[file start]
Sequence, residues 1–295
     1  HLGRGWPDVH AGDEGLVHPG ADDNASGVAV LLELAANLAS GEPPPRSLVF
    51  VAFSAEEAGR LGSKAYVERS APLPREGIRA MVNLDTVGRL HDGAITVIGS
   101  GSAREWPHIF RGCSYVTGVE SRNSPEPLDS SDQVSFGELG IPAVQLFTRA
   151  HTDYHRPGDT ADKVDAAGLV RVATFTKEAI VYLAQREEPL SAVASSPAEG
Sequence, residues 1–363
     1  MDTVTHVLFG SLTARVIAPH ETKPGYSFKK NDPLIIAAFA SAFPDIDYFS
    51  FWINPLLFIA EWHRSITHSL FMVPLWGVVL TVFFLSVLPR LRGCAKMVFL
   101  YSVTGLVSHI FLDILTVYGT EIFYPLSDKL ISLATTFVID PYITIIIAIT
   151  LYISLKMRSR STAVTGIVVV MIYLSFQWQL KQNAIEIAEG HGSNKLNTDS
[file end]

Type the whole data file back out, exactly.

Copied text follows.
Sequence, residues 1–295
     1  HLGRGWPDVH AGDEGLVHPG ADDNASGVAV LLELAANLAS GEPPPRSLVF
    51  VAFSAEEAGR LGSKAYVERS APLPREGIRA MVNLDTVGRL HDGAITVIGS
   101  GSAREWPHIF RGCSYVTGVE SRNSPEPLDS SDQVSFGELG IPAVQLFTRA
   151  HTDYHRPGDT ADKVDAAGLV RVATFTKEAI VYLAQREEPL SAVASSPAEG
Sequence, residues 1–363
     1  MDTVTHVLFG SLTARVIAPH ETKPGYSFKK NDPLIIAAFA SAFPDIDYFS
    51  FWINPLLFIA EWHRSITHSL FMVPLWGVVL TVFFLSVLPR LRGCAKMVFL
   101  YSVTGLVSHI FLDILTVYGT EIFYPLSDKL ISLATTFVID PYITIIIAIT
   151  LYISLKMRSR STAVTGIVVV MIYLSFQWQL KQNAIEIAEG HGSNKLNTDS